The Bags of Plenty are overflowing and none too soon, say activists to relieve hunger.
The 10th annual food campaign to provide emergency food for homeless and other hungry Marylanders is ending its 1996 drive ahead of last year's collection of food and money, the Maryland Food Bank and Maryland Food Committee said yesterday.
The statewide drive bagged more than 215,000 pounds of food and $53,000 in cash and checks, 7.5 percent and 12.8 percent increases, respectively, above the 1995 totals of 200,000 pounds and $47,000.
More donations are expected in coming days.
"This is our most effective year ever," said William Ewing, executive director of the food bank, which stores food at its warehouse at 241 Franklintown Road in West Baltimore.
"It's heartwarming," said Kathleen Hider, development director of the food committee. "There's a heightened awareness of hunger, and people seem more sensitive this year. We are truly pleased and grateful."
Saying the pace of donations were consistent throughout the drive, Ewing and Hider cited Giant Food, Signet Bank, the Mass Transit Administration, city fire stations, radio stations WWMX-FM (106.5) and WOCT-FM (104.3), and brown bags distributed in The Sun as contributing to the drive's success.
The food committee collects money for food at 2521 N. Charles St. and said it is always in the market for more.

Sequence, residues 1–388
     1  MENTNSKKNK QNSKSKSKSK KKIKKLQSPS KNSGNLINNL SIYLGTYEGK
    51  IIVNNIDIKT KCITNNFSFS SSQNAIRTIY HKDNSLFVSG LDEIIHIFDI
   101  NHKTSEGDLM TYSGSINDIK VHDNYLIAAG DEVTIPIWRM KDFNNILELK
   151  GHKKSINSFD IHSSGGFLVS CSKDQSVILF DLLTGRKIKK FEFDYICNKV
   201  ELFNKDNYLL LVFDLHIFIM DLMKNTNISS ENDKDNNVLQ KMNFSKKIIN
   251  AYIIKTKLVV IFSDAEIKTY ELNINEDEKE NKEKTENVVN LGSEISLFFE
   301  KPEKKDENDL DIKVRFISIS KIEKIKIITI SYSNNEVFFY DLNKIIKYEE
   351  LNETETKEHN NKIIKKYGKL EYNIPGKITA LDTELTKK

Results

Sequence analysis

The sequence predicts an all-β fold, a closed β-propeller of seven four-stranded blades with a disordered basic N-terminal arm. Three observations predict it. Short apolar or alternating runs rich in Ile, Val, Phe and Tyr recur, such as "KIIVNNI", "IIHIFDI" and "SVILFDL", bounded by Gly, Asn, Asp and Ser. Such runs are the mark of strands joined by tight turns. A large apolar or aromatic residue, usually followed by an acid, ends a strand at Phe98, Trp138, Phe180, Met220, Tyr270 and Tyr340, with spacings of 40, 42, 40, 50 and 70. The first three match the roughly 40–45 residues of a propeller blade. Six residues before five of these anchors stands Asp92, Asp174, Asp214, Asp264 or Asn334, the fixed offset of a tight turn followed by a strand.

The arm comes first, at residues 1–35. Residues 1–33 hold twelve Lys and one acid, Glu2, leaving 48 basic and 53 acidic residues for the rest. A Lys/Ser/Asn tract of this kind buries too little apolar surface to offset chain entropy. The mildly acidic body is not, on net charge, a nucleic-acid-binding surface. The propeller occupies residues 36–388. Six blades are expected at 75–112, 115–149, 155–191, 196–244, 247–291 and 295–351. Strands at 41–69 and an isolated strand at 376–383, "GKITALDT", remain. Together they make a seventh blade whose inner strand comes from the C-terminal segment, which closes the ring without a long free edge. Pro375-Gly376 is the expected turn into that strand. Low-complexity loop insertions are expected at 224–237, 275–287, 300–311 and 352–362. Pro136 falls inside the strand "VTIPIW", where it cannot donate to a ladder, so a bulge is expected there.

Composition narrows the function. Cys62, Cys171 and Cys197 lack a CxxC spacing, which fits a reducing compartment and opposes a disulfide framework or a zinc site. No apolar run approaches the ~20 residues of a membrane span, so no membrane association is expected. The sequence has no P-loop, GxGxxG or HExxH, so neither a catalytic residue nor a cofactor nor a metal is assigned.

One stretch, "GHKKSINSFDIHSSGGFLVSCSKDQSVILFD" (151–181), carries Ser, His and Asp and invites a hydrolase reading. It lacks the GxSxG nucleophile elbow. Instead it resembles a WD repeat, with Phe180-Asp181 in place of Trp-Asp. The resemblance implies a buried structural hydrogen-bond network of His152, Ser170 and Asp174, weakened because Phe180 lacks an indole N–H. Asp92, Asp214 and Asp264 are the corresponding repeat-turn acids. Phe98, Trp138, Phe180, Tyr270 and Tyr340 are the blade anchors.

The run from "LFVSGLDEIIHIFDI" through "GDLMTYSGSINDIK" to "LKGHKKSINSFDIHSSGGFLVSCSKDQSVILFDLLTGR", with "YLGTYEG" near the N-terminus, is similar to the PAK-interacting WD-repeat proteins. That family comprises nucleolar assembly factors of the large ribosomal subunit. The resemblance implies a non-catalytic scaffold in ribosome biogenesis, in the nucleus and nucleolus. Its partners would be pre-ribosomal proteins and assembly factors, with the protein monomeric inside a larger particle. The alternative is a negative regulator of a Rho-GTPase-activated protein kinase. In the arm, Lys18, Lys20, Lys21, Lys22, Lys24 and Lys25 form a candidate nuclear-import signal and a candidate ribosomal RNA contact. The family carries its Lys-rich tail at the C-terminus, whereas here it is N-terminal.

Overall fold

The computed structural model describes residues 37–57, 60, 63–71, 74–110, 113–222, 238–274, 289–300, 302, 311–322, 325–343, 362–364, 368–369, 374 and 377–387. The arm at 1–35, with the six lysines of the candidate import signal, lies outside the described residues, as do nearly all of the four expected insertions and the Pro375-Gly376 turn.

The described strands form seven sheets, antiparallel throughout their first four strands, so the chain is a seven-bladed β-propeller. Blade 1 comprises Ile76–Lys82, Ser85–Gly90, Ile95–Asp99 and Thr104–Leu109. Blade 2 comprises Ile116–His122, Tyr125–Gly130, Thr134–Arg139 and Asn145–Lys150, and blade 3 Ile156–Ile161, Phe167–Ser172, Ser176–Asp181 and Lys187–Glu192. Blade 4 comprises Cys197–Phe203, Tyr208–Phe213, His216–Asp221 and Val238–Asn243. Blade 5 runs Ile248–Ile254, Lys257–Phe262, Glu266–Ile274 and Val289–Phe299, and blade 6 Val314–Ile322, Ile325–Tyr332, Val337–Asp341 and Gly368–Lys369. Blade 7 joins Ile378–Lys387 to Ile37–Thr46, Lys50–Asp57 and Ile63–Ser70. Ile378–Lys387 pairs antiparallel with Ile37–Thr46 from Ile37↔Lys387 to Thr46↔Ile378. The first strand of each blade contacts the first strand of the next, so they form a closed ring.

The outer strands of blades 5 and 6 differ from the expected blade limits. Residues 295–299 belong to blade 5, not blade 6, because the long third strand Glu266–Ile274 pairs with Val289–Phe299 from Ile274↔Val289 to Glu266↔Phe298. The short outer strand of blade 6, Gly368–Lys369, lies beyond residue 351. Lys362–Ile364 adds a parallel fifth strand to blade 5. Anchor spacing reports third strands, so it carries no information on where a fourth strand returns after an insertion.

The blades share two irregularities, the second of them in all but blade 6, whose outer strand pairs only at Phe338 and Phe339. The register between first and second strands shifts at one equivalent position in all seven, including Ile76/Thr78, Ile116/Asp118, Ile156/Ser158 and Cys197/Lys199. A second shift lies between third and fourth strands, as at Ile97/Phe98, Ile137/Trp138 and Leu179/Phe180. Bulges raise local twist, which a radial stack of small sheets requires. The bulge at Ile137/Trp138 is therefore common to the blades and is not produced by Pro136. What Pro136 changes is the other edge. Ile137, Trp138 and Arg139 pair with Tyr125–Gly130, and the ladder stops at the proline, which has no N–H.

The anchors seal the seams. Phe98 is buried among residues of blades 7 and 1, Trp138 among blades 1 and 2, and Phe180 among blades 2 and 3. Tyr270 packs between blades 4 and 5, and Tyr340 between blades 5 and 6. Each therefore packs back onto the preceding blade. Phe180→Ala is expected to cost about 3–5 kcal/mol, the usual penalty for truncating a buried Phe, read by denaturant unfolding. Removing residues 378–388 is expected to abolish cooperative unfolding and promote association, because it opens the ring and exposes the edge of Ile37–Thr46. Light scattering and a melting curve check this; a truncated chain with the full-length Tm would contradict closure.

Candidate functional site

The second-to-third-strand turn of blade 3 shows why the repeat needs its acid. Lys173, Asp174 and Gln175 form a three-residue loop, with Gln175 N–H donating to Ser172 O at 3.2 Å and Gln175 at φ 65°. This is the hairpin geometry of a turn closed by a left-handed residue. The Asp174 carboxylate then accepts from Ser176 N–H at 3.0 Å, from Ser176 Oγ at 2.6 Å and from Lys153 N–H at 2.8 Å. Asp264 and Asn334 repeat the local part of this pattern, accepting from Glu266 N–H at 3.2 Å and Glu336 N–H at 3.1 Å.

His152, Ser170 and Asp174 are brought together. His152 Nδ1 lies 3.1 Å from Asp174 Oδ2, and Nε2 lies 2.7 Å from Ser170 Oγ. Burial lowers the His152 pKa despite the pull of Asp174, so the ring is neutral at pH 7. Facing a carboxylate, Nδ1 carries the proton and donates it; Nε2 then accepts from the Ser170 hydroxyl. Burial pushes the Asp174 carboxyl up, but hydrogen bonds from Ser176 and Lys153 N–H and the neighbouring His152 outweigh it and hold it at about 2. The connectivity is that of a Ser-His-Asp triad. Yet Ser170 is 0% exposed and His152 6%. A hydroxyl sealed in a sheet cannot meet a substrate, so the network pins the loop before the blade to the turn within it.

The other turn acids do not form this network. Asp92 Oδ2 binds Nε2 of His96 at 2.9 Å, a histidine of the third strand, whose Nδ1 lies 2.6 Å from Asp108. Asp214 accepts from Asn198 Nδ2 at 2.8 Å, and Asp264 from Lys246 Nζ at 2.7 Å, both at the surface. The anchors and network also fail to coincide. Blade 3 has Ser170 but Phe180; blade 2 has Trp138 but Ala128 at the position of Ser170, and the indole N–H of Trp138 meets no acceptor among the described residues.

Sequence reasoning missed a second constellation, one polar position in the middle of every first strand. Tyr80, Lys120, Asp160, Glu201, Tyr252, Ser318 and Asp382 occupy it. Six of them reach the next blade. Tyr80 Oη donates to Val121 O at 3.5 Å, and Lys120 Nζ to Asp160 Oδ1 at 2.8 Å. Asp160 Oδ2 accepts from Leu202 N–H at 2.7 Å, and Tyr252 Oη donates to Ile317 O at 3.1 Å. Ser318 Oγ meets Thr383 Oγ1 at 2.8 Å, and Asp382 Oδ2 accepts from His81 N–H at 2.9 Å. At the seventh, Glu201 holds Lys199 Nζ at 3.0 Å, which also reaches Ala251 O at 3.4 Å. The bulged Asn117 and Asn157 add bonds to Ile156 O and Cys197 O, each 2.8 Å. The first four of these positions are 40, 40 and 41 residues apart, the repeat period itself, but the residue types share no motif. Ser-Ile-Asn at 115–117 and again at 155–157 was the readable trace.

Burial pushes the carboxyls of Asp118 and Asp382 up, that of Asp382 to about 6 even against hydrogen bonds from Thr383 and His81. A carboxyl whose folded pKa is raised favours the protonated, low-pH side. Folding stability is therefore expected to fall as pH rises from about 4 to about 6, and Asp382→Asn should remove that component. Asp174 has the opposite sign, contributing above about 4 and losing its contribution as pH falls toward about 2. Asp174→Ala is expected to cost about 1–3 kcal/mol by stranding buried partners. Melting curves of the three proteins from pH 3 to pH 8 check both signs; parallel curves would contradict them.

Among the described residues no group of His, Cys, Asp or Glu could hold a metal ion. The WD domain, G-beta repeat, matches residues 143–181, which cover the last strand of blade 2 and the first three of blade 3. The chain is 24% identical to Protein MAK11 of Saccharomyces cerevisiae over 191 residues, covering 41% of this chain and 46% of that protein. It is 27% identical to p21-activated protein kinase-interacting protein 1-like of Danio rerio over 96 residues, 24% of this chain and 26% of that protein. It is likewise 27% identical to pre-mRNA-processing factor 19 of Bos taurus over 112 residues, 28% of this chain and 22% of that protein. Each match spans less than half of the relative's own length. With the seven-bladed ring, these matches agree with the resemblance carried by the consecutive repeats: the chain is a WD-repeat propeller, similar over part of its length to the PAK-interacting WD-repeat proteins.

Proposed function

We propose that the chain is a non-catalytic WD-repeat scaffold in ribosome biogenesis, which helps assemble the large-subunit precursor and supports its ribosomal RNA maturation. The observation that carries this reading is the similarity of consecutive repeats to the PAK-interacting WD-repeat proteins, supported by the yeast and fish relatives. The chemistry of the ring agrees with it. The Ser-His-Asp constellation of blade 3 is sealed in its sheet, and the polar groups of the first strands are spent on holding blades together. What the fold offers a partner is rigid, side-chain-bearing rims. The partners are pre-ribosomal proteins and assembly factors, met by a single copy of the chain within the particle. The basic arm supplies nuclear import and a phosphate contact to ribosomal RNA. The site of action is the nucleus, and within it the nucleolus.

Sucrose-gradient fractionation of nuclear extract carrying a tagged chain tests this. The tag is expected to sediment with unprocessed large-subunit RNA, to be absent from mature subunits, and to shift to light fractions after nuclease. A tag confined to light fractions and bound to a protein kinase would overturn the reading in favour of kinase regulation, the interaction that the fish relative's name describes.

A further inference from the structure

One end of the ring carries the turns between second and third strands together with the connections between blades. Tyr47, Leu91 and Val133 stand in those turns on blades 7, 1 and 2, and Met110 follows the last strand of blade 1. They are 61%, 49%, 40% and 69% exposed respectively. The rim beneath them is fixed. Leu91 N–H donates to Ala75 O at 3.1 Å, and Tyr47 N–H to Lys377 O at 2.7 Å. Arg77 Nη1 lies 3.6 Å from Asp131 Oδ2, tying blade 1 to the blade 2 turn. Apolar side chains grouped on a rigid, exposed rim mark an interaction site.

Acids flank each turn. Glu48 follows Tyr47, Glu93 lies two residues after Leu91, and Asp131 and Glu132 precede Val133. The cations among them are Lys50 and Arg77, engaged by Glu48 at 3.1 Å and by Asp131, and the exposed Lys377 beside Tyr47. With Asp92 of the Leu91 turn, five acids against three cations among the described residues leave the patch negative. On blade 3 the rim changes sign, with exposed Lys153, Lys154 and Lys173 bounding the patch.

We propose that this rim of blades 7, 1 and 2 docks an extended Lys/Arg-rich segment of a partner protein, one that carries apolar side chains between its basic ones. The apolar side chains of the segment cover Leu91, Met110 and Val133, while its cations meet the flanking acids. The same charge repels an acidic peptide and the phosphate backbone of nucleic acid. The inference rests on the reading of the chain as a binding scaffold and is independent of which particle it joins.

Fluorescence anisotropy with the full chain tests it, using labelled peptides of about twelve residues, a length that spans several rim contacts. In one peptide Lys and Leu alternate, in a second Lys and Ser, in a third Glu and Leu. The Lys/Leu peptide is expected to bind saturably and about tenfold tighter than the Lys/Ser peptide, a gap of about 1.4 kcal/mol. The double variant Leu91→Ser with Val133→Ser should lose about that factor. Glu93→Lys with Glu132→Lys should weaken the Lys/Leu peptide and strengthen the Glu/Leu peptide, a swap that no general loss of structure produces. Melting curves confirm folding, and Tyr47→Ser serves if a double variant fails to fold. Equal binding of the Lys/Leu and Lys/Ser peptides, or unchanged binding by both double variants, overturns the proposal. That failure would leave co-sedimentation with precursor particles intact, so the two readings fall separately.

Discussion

"Thousands of people are being helped by this drive," Hider said. "The donors make a significant difference.
"Yet, the need is growing just as fast as the donations."
The committee's annual state survey of emergency food providers revealed that they provided food for 108,658 individuals and families in Central Maryland in October, an increase of almost 25 percent over the number fed a year earlier.
Statewide, 204 pantries and soup kitchens served 159,228 people in October, a 21 percent jump over 1995.
About 82 percent of the providers statewide said they needed additional food to feed more and more hungry people.
Mat Harrington and Kate Wulff, the food committee staff members who conducted the survey, said food pantry workers in the survey repeatedly asserted, "We need food" to handle the increase.
Pub Date: 12/10/96